According to Sports Health magazine:
1. Myth: "Skiing is among the most dangerous activities."
Truth: Actually, the annual fatality rate per million hours of exposure (0.12) is between that of driving a car (0.30) and riding a bicycle (0.07).
2. Myth: "Broken legs have been traded for blown-out knees."
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Truth: The increase in anterior cruciate ligament injuries came later than the decrease in lower-leg injuries. The two involve completely different mechanisms of injury.
3. Myth: "All you need know is your DIN (release indicator value) number and you can adjust your bindings."
Truth: Inspection and calibration of ski bindings is a complex process that requires specialized tools, equipment and trained technicians who set release settings according to height, weight, age and skiing ability. Ignoring those recommendations increases your chance of injury.
4. Myth: "Toe and heel pieces must be set to the same release indicator value or the bindings won't function right."
Truth: Skiers should have personalized release/retention settings that may mean different indicator values at the toe and heel.
5. Myth: "Formal ski instruction will make you safer."
Truth: In most studies done in North America and Europe, skiing lessons did not decrease the risk of injury and have not been shown to be an effective method for injury prevention.
6. Myth: "The shorter the ski, the less torque is applied to the leg in a fall. Therefore, short skis don't need release bindings."
Truth: Several studies have shown a three- to 20-fold increase in the incidence of ankle and tibia fractures for persons using skiboarder (short trick skis) compared to traditional alpine skis. Release bindings should be a requirement for skis of any length.
7. Myth: "Young bones bend rather than break, so there's no point spending a lot of money on children's equipment."
Truth: Children are at the highest risk for equipment-related injuries. Properly functioning equipment is critical if that risk is to be minimized.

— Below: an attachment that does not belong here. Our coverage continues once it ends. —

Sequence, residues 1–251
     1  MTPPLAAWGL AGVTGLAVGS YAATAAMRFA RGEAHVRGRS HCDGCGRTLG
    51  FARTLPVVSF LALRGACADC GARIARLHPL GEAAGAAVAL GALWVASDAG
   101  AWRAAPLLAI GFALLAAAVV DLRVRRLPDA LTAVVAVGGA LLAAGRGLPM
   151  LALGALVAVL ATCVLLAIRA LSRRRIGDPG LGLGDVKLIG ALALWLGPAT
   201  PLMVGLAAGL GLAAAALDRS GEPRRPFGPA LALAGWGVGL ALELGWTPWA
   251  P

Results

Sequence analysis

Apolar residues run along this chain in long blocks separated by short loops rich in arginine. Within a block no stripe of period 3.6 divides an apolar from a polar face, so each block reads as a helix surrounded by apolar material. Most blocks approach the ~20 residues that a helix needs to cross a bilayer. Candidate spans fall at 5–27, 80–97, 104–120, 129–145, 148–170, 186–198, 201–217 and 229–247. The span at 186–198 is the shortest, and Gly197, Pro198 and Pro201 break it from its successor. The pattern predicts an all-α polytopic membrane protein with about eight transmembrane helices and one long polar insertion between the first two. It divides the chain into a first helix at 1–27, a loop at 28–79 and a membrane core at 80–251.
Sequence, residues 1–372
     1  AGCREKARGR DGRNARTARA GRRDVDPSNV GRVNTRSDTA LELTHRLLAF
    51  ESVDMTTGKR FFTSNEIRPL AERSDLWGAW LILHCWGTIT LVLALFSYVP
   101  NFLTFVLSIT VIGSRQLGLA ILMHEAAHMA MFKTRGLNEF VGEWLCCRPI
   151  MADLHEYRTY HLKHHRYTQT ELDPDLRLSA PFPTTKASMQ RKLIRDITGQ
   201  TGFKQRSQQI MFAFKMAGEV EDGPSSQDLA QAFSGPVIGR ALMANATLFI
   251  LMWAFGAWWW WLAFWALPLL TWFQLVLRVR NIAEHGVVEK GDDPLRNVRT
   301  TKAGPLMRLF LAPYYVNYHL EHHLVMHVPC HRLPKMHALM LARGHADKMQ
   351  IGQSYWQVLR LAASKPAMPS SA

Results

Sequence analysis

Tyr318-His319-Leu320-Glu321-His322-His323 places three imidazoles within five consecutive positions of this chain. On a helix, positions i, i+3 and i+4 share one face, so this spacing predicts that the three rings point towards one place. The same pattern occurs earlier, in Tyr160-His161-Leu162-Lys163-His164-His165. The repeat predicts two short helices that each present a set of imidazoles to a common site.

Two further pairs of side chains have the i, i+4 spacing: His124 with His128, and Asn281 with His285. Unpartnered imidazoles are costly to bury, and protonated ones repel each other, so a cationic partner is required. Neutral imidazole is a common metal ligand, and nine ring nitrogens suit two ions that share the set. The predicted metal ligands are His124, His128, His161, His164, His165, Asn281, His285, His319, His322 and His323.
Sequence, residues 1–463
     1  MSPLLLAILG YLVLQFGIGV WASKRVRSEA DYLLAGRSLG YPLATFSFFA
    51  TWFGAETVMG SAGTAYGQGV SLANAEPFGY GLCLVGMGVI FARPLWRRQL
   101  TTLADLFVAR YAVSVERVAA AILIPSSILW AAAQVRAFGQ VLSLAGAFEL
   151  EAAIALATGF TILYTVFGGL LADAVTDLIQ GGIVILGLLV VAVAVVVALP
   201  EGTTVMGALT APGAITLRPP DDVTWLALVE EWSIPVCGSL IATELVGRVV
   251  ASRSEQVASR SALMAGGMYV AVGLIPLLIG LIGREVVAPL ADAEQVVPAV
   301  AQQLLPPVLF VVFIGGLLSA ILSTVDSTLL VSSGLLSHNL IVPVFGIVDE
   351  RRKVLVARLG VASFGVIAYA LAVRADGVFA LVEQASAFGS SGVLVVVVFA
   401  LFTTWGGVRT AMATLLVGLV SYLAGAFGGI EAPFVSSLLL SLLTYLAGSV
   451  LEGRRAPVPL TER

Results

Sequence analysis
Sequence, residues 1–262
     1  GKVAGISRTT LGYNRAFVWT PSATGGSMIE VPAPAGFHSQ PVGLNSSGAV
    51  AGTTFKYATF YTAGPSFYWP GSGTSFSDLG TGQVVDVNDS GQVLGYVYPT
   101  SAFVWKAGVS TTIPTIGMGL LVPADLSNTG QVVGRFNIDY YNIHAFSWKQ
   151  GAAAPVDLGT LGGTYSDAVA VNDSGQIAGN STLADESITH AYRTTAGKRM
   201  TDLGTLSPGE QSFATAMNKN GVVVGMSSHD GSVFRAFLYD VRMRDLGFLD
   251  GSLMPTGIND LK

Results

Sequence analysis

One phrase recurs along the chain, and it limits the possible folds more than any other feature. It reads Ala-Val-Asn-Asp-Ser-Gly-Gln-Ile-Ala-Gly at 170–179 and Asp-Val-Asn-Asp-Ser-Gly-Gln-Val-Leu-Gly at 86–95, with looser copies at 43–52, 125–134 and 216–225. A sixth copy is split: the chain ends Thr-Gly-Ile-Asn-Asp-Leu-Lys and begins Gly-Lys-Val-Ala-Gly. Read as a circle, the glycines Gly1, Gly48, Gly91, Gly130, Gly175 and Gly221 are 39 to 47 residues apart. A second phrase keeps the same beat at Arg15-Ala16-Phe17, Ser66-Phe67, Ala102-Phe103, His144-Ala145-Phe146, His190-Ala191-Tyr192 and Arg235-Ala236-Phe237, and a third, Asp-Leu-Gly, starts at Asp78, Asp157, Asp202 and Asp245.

8. Myth: "When buying boots for children, leave plenty of room for fast-growing feet."
Truth: Poor fitting boots are a major factor leading to lower leg fractures and sprains among young skiers. If the foot can easily move within the boot, the binding release function is compromised.
9. Myth: "If you think you're going to fall, just relax and let it happen."
Truth: Skiers should assume the posture of a parachutist just before landing and keep joints moderately flexed. Muscles of the extremities and trunk should be strongly contracted; this response will stiffen and protect bones and joints.
10. Myth: "Exercise is the best way to avoid skiing-related injuries."
Truth: There is no convincing evidence that conditioning of any type can reduce the risk of alpine skiing injuries. However, there is no downside to good physical condition and it may improve the enjoyment of skiing.
11. Myth: "Tighter standards that mandate lower release setting will reduce the risk of an ACL injury."
Truth: The primary mechanisms for ACL injury is not related to binding function, so any reduction in the binding release values would not reduce the risk of ACL injury but could increase the frequency of inadvertent releases.
12. Myth: "Buying new ski equipment is safer than renting."
Truth: Rental equipment from reputable shops is inspected for proper function as well as wear and tear every time it's rented; user-owned equipment is normally inspected only at the beginning of each season.
-- ANCHORAGE (ALASKA) DAILY NEWS